Africa, although made up of different countries, cultures and leaders, the continent is more often than not referred to as a unit. One reason why this is; is because of the similarities the countries in Africa share. This article will be focusing on financial patterns and prowess that countries in Africa share. African countries, compared to countries in other continents, have had a relatively slower growth economically and technologically. For this reason, countries such as the USA, China and even the European Union, have showed dedication and commitment to helping Africa achieve some substantial measure of development.

When it comes to financing development, there is no one-size-fits-all solution. Each African country accepts offers that they believe will work out best for them, and yet, are not always able to attain the standard of development the help was offered for. When it comes to measuring development, there are different metrics that people use including literacy rate, Gross Domestic Product (GDP), Per Capita Income, etc. However, assessing development of a country on a generic note, one should primarily focus on how self-dependent the country is in providing adequate infrastructure, goods and services to both citizens and immigrants within that country

China is a country that has built a reputation of being a global player, offering financial aid to African countries. The strategy is to offer huge loans to African countries. When the loans are being repaid, they are to be paid with interest. Over the past few years, the pattern we see is the inability of African countries to repay their debts. As such, they find themselves in a fix where they have to borrow more money to pay the loans that were given for development. A good analogy for this will be a toddler depending on its mother for breast milk, having the responsibility of paying back the breast milk, without knowing how to or having the capacity to produce breast milk.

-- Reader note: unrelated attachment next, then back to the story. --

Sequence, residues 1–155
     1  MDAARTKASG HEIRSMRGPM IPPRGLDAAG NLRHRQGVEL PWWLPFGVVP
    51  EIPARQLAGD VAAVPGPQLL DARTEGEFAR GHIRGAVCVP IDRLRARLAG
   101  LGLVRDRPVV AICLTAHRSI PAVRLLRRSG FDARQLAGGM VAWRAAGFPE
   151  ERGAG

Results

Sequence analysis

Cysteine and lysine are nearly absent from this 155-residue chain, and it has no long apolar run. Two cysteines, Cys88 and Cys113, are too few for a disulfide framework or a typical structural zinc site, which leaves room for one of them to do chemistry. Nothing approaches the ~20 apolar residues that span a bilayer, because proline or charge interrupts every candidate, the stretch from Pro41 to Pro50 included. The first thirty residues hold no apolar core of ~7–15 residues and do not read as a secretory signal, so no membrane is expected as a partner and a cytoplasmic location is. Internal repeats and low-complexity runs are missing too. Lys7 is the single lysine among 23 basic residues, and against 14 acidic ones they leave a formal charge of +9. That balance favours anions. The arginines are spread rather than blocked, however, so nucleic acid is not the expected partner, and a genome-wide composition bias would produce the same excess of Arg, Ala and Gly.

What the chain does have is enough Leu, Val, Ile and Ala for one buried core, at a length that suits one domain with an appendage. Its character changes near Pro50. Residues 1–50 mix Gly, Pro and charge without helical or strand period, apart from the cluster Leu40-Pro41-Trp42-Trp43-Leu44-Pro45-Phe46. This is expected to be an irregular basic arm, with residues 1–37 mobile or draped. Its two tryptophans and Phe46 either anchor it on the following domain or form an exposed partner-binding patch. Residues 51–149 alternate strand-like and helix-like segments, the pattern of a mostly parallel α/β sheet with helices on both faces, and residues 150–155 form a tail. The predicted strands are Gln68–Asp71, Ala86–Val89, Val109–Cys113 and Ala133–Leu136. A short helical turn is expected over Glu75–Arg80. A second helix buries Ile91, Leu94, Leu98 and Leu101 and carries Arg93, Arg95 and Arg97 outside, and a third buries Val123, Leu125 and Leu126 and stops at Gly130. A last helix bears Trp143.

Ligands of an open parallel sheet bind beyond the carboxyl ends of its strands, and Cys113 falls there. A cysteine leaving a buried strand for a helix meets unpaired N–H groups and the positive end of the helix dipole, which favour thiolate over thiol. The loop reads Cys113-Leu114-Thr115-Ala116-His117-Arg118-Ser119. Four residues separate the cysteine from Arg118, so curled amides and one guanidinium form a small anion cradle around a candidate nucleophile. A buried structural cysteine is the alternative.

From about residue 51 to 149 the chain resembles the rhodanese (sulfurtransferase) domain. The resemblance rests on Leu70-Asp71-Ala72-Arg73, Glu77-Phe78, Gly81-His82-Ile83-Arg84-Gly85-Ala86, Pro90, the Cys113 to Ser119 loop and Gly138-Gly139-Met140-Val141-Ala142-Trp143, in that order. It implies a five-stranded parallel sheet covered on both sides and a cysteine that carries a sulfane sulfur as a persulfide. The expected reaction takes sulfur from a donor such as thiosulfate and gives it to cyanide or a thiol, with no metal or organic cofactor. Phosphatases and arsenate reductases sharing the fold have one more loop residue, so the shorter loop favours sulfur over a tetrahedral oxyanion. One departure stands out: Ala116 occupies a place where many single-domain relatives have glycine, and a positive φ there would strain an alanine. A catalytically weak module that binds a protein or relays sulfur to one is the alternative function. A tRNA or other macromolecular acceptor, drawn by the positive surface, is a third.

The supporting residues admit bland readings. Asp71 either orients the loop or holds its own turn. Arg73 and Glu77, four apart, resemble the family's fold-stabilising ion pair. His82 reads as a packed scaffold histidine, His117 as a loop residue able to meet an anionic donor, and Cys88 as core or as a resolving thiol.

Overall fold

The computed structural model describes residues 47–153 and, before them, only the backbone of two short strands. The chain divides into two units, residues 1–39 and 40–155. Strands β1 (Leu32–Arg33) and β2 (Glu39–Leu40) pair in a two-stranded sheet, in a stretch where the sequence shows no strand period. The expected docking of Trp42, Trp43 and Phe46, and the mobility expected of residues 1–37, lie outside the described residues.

African countries that have enjoyed the most aid / financial support have not developed the attitude/culture or systems that are needed for maintaining financial stability. For this reason, it seems that the walk to development will be a very slow one for some developing countries, especially when they continue to lean on other countries for support.

Internally, China has received a lot of criticism and backlash on why it is spending taxpayers’ money abroad. Externally, citizens of African countries show reproach towards China’s assistance, seeing it as a form of neo-colonialism. Considering these tensions that are arising from Africa’s debt story, it seems governments of African countries need to develop their capacity to generate their needed income internally and improve their bargaining power when negotiating and making deals with donor countries.

African countries have enjoyed financial support from different countries for different purposes; Transport, Energy, Mining, Water, industry, Education, among others. Their interdependence on other countries has been in the form of credit, aid/Interest-free loans, investments, financing imports, to mention a few. In the year 2018, China pledged $60 billion to Africa – notwithstanding the fact that many African countries already have some debts waiting to be repaid. If this does not speak of unending debt, it begs to wonder what will.

Africa’s debt story could be a much more interesting and joyful one if the continent was not sucked into an unending cycle of debt, repayment of debt and crippling underdevelopment. Until African countries manage to develop their capacity to build themselves up, it seems this debt story be told for a long time.

By: Ewurabena Neequaye


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